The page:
We note initially that the party seeking a stay has the burden of proof. Nederlandse Erts-Tankersmaatschappij, N.V. v. Isbrandtsen Company, Inc., 339 F.2d 440, 442 (2d Cir. 1964). However, there is a strong federal policy in favor of arbitration; Carcich v. Rederi A/B Nordie, 389 F.2d 692, 696 (2d Cir. 1968), and "it has long been the rule to resolve any doubt as to the submission agreement in favor of coverage." Federal Commerce & Navigation Co. v. Kanematsu-Gosho, Ltd., 457 F.2d 387, 390 (2d Cir. 1972).
Two clauses in this agreement support the conclusion that the third party dispute should be subject to arbitration. Clause four provides in part that:
"The Charterers . . . also to arrange and pay for loading, trimming, stowing . . . unloading, weighing, tallying and delivery of cargoes . ."
This clause shifts the responsibility of proper discharge of the cargo to the charterer, and, as the Second Circuit has observed:
". . . that responsibility includes whatever damage results from improper discharge, whether to the cargo or to the personnel unloading it."
Fernandez v. Chios Shipping Co., Ltd., 542 F.2d 145, 152 (2d Cir. 1976).
Moreover, clause thirteen states that:
"The owners not to be responsible in any other case nor for damage or delay whatsoever and howsoever caused even if caused by the neglect or default of their servants . . . The Charterers to be responsible for loss or damage caused to the Vessel or to the Owners by goods being loaded contrary to the terms of the charter or by improper or careless bunkering or loading, stowing, or discharging of goods or any other improper or negligent act on their part or that of their servants."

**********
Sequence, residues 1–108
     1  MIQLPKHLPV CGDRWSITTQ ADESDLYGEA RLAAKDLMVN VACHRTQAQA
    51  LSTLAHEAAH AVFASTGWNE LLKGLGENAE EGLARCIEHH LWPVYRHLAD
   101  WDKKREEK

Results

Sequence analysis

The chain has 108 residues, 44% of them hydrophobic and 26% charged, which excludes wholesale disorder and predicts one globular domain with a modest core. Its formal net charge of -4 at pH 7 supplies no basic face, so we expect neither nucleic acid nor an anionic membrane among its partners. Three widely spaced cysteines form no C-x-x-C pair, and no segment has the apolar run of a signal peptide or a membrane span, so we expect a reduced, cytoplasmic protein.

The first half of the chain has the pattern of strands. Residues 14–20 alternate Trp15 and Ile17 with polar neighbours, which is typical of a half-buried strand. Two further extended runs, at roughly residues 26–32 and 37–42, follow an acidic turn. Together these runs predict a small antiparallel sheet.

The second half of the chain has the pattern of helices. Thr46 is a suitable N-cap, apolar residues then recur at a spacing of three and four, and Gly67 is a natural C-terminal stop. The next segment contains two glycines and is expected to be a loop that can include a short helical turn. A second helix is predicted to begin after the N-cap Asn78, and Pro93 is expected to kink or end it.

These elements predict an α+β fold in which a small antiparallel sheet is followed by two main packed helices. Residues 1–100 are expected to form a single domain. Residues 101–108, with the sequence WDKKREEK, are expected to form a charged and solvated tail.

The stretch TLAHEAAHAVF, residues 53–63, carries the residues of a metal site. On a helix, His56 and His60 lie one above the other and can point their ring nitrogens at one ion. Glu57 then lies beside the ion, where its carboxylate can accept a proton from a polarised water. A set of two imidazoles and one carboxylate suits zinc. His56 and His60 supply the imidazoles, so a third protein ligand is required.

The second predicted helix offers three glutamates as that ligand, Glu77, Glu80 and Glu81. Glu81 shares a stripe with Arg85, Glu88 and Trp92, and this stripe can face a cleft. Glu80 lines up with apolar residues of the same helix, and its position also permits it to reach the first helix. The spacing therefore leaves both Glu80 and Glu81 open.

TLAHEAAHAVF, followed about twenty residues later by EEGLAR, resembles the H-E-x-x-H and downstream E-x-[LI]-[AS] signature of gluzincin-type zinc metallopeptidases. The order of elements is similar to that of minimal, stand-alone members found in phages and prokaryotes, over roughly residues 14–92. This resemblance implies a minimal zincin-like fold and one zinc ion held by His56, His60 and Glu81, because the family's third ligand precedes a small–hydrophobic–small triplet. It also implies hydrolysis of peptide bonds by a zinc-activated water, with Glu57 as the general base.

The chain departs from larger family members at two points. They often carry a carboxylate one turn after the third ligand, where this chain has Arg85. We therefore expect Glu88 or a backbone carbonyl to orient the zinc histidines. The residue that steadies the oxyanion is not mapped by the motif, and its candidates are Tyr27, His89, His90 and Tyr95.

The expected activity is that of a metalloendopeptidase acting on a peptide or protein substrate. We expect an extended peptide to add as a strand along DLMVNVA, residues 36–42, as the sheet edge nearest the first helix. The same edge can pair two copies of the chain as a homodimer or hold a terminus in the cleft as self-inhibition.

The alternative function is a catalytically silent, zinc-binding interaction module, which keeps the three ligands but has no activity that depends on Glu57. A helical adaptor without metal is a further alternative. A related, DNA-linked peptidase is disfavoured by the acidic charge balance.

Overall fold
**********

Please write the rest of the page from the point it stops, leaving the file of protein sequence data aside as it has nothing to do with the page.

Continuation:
Read together, these two provisions cover the dispute.
Furthermore, although the owners claim that the dispute arises outside the charter agreement, their third party complaint states that even if negligence aboard the vessel was the cause of the plaintiff's injuries, it "was caused and created solely by the primary and active fault of third-party defendant, its agents, servants and employees, and/or from third-party defendant's breach of its duties and obligations under the charter party" (emphasis added). Thus, the owners are in the contradictory position of, on the one hand, having impleaded the charterers under a theory of third party liability arising under the agreement, and, on the other hand, resisting a stay pending arbitration on the ground that the dispute does not arise under the charter agreement. This is true at least insofar as the owners third party action is based on the charterers breach of its obligations under the charter agreement.
Our finding that the dispute is subject to arbitration is supported by two similar cases. In Giuffre v. Magdalene Vinnen, 152 F. Supp. 123 (E.D.N.Y.1957), an injured longshoreman sued the vessel naming the *1073 owner as respondent. The owner then impleaded the charterer. As in the case at bar, the charterer in Giuffre agreed to furnish stevedoring services. The owner disclaimed liability relying on the charterer's obligation to supply those services. The charterer moved for a stay pending arbitration under an arbitration clause similar to the one in the case at bar, which provided that:
"Any dispute arising from the present agreement should be brought before a Court of Arbitration . . ."